If you are having a picnic or enjoying the banks of a New Zealand river or lake this summer and you are bothered by a mayfly, a stonefly or a caddisfly – be patient.
These little insects are a vital part of healthy aquatic ecosystems and are therefore among the new measures of water quality in New Zealand, now being reported in the macroinvertebrate community index (MCI).
The index has been compiled previously but was included for the first time in the report on 10-year trends in our waterways by Land Air Water Aotearoa (LAWA)* recently. The MCI showed 26 per cent of sites monitored were improving while 42 per cent were "likely or very likely degrading".
Macroinvertebrates include insects, worms, and snails, important food sources for fish and many regard their health as a better measure – or at least an integrated measure – of the health of our waterways.
Mayflies, stoneflies and caddisflies are more sensitive to pollution and tend to be more commonly found in clean and healthy streams. Worms and snails are more tolerant to degraded habitat conditions, surviving where others don't in streams of poor health.
The mayfly (about 40 species of them ) lives anywhere from a few minutes to a couple of weeks as an adult, depending on the species. However, after hatching from an egg, the larval form lives for about a year, hiding during the day as they are keenly hunted by some fish. They like cool, clean, well-aerated waters as larvae and riparian vegetation as adults.
The stonefly likes running water and boasts about 100 species in New Zealand. Some are carnivores and the nymphs live in water for 1-4 years, depending on the species, while the adults typically live for 2-3 weeks.
The caddisfly is closely related to moths and butterflies, also have aquatic larvae and some, like the mayfly, many of both taxa consume algae, but some belong to different feeding groups. Caddisflies are one of the most diverse groups of organisms living in New Zealand's fresh waters with more than 250 species.
The desirability of the larval stages of these insects is well understood by anglers who have developed lures resembling all three nymphs to catch trout.
The MCI, developed to assess the impact of organic enrichment, is now being reported on by LAWA as one of the indicators used to monitor water quality. Others include water clarity, turbidity (cloudiness), E. coli, nitrogen, oxidised nitrogen, ammoniacal nitrogen and dissolved reactive phosphorus.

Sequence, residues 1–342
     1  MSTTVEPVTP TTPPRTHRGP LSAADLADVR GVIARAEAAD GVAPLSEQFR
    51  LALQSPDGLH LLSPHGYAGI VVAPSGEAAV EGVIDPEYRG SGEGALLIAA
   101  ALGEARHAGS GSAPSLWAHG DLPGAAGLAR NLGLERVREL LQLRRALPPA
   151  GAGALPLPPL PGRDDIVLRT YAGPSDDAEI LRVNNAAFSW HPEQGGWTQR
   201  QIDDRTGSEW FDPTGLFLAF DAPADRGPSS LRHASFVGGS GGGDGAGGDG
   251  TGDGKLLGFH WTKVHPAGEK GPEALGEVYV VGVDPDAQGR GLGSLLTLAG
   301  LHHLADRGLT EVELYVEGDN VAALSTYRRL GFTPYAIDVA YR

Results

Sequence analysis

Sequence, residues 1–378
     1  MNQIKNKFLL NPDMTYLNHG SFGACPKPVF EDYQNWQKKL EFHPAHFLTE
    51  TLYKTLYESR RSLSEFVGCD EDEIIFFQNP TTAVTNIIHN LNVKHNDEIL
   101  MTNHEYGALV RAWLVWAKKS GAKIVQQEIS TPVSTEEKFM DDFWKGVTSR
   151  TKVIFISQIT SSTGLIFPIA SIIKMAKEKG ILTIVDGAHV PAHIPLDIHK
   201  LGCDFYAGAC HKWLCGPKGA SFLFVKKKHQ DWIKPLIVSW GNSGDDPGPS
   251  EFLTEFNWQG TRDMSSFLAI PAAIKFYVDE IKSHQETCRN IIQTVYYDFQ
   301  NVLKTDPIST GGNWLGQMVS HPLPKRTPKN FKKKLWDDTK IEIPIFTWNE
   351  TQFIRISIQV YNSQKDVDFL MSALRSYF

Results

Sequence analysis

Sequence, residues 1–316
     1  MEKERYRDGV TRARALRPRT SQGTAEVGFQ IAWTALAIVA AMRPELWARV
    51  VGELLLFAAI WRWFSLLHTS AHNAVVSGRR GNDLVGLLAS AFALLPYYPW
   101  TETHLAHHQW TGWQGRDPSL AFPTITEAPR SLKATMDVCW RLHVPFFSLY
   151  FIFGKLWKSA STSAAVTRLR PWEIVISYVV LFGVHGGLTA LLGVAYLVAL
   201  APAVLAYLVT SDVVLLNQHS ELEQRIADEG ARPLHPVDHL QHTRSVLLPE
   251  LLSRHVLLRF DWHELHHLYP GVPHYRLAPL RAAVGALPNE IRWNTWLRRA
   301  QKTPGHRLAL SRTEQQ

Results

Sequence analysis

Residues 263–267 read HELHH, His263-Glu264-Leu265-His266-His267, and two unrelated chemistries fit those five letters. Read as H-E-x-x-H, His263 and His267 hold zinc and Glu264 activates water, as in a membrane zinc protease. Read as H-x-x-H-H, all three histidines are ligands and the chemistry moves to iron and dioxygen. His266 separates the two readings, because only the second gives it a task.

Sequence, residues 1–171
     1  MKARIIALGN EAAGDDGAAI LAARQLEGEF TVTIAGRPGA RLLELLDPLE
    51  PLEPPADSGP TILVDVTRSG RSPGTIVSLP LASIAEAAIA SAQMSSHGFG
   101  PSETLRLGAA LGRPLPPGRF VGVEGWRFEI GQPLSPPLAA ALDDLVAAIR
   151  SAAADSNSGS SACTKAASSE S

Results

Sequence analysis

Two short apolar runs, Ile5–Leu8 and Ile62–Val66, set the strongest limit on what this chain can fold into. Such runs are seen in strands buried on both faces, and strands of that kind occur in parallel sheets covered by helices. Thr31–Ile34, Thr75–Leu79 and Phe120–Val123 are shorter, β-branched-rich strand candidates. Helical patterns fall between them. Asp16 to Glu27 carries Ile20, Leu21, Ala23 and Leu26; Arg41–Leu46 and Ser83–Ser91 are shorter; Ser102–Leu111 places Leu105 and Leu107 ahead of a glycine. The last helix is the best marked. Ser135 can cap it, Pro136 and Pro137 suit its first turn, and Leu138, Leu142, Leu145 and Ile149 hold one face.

From 2007-2017, these indicators showed more rivers, lakes and streams were improving than getting worse across New Zealand.
Macroinvertebrates and the MCI scores calculated from them are responsive to multiple environmental changes such as flow, habitat, temperature, water quality and sediment.
LAWA river water quality head Tim Davie said when the report was released: "At the national level, for every parameter there are more sites showing signs of getting better than getting worse, except for the MCI trend which shows two out of five monitored sites are likely or very likely degrading.
"Macroinvertebrates are a good indicator of the wider health of waterways and have a high ecological value, so it's disappointing to see they're under pressure. On the other hand, it's positive to see improving trends for the eight chemical-physical water quality indicators as we know these are quicker to respond to change."
The macroinvertebrates are a key element of stream ecosystems; they feed on algae, aquatic plants, dead leaves and wood, or each other. While the larvae were food for native fish, when the insects matured and left the water they become food for birds, bats, and spiders.
LAWA chair Stephen Woodhead said they hoped making the information freely available online would encourage more New Zealanders to get involved in freshwater management and support healthy waterways.
"We know from previous research MCI is affected by human activity. Therefore, it's important we keep focused on reducing our impact on waterways."